- Symmetry, Exactness, Just Right: These thoughts and fears have a perfectionist quality to them. The identified object must look, feel, and/or be arranged a certain way. Anxiety increases if a certain standard can’t be met. For example, letters in a sentence have to be the same size and sit in just right on the line or everything must be erased. In other cases, a body part has to feel like it’s in the right place. For example, someone may adjust their head, neck, or jaw over and over to get it to feel a certain way. They don’t have a medical condition. They’re just focused on getting it to feel a certain way.
Myth Buster: Having Another Type of OCD Wouldn’t Be Easier
Everyone thinks that if they had another type of OCD, life would be easier. They wouldn’t be as scared. As a result, they would be able to blow through treatment without a problem. That’s not true for 2 reasons:
- Usually, people have more than one type of OCD.
You can come to treatment with multiple types of OCD. Most people develop a new kind during treatment. That doesn’t mean you should avoid treatment.
When the OCD senses you no longer care about one train of thought, it has to go after something new to keep you trapped. It’s common and its part of the game OCD plays with you.
If you have multiple types at once, one type may be less scary than the other at a given time. However, they’re still scary and you’re still motivated to do rituals to get rid of the anxiety and prove the thoughts wrong.
- Whatever your OCD is focused on will feel scary and real. That’s how OCD works.
The human brain produces about 60,000 thoughts a day. Most of them are really weird. We’re not aware of most of our thoughts. Our brain has a way of figuring out what matters and deleting the rest.
When you have OCD, your delete button works differently. Your brain holds on to certain categories of weird thoughts.
If your OCD changes focus or adds another category, your brain will get stuck on these thoughts. You’ll feel really anxious because they’ll feel so real. As a result, you’ll do whatever rituals necessary to get rid of the anxiety.
If this wasn’t true, you wouldn’t have OCD.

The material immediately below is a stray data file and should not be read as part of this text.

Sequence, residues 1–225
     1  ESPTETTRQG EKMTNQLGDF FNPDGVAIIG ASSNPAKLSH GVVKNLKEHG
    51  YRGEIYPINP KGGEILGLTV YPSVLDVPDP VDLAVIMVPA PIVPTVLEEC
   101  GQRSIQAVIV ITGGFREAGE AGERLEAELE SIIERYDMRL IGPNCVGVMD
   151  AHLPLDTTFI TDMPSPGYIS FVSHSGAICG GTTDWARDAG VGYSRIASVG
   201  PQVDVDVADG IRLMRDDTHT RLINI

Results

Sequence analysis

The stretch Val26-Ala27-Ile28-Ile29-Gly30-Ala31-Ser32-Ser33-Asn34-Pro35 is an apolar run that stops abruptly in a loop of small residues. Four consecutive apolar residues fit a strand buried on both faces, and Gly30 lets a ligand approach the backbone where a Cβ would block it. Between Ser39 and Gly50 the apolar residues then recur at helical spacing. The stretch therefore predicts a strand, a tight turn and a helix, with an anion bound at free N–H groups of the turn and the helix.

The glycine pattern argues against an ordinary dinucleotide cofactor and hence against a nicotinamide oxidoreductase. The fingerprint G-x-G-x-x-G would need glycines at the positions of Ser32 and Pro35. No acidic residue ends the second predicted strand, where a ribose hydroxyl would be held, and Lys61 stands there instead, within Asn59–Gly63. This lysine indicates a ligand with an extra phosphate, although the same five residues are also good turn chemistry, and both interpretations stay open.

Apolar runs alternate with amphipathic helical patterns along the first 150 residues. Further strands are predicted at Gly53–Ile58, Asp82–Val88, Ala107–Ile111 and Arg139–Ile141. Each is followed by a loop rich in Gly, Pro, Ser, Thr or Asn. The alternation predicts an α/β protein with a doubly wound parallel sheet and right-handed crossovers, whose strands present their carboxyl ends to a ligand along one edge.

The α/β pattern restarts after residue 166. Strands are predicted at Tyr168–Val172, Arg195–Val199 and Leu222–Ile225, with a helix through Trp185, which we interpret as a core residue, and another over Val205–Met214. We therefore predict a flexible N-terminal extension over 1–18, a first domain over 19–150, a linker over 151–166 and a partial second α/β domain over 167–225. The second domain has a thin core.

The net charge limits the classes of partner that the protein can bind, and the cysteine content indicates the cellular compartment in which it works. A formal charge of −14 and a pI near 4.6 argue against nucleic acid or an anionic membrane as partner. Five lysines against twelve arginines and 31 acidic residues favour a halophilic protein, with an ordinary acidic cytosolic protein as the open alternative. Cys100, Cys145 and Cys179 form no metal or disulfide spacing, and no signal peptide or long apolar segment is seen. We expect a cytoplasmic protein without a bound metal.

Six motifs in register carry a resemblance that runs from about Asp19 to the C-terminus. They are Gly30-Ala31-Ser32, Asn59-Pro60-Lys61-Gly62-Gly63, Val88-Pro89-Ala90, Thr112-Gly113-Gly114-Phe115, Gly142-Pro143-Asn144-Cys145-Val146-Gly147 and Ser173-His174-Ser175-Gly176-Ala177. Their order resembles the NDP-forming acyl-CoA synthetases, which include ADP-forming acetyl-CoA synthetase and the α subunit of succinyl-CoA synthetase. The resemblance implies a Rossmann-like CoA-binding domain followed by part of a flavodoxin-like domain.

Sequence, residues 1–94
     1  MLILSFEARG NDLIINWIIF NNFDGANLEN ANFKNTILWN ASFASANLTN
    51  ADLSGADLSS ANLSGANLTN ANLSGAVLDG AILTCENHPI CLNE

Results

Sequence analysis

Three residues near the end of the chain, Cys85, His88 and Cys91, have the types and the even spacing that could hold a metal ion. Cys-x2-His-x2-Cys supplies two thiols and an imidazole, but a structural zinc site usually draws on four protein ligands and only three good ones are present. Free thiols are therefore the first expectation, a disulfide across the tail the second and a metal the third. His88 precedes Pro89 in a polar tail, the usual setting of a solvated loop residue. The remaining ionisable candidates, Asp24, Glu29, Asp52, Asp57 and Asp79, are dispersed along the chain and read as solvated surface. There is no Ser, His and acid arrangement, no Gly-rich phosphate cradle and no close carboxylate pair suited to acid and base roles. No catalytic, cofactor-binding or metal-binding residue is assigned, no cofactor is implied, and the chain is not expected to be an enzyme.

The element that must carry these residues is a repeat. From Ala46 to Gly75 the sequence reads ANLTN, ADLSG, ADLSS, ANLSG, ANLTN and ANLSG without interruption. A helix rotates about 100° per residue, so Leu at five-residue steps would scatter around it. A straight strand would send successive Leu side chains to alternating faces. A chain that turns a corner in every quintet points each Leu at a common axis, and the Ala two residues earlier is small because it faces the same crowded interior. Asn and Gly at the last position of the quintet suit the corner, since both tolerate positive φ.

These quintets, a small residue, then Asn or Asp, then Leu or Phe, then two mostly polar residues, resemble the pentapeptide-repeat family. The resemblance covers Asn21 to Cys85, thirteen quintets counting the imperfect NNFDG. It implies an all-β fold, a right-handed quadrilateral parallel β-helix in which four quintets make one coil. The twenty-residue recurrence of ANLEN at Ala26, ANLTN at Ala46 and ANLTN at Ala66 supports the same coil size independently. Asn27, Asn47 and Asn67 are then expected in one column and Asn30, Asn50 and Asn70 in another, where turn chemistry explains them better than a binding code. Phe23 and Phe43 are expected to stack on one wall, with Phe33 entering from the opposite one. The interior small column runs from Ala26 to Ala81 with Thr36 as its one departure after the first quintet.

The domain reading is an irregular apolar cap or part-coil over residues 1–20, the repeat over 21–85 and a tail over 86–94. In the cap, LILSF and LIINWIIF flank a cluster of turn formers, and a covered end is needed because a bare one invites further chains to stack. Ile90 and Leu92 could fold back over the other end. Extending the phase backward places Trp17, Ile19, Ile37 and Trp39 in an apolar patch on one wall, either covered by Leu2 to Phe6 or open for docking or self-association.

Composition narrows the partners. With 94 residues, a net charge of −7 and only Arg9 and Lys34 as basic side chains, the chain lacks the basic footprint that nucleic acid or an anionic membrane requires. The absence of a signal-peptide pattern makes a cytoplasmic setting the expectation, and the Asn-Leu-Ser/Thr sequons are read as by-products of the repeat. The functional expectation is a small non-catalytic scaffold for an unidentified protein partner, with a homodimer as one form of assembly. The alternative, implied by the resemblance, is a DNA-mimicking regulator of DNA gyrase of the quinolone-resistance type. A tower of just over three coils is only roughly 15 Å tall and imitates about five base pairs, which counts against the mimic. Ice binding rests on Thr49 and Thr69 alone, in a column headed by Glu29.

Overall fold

Focus on Treatment, Not on the Type of OCD
The key to mastering OCD isn’t replacing one kind of obsession with another. Instead, the goal is to not care that the thought is there.
During treatment for OCD, you work toward accepting that your brain spits out scary, unpleasant thoughts and holds on to them. You can live a full life with those thoughts there.
Exposure Response Prevention (ERP) is the gold standard treatment for OCD. The goal of this treatment is to gradually accept that scary thoughts are there and not try to get rid of them. Instead, accept that they’re going to come along for the ride. This is true for every type of OCD.
Imagine the OCD as strep throat, the flu, or some other illness you had that made you feel awful. Aside from taking care of yourself to help your immune system, there was nothing you could do other than let the illness run its course. You couldn’t speed it up. You couldn’t rationalize it away. You had to wait until the medicine fully kicked in or the virus ran its course. You didn’t like it, but you just had to let it be there until it was done. Conquering OCD involves the same approach.
If you can learn how to have a scary thought but not do anything about it, you’ll be able to deal with any type of OCD you have now or in the future.
Unfortunately, you can’t choose what your OCD leaches on to. Instead, you have to deal with whatever terrifying or disturbing thoughts are thrown at you.
This is true for every type of OCD. If you have OCD, you’ll be scared by the OCD you have now and any other type that comes along.
That’s why you need to focus on mastering how to respond to OCD thoughts. The type of OCD thoughts doesn’t matter.
The same techniques are used to manage all types of OCD thoughts. Really, the same exact treatment and strategies.
At the end of the day, all types of OCD follow the same formula:
- Scary, intrusive, and unwanted thoughts cause significant anxiety.
- You’ll do any kind of ritual in order to get rid of the anxiety.
Having OCD is extremely hard. Explaining it to someone else is even harder. Download the done-for-you script that you can print out and hand anyone in your life. I’ve also included a script you can customize to describe your unique struggles.
When you’re ready to conquer the OCD, give us a call. You don’t need to feel embarrassed. We’ve heard all kinds of OCD thoughts. We get it and would like to get you on the path to success.
Bucks County Anxiety Center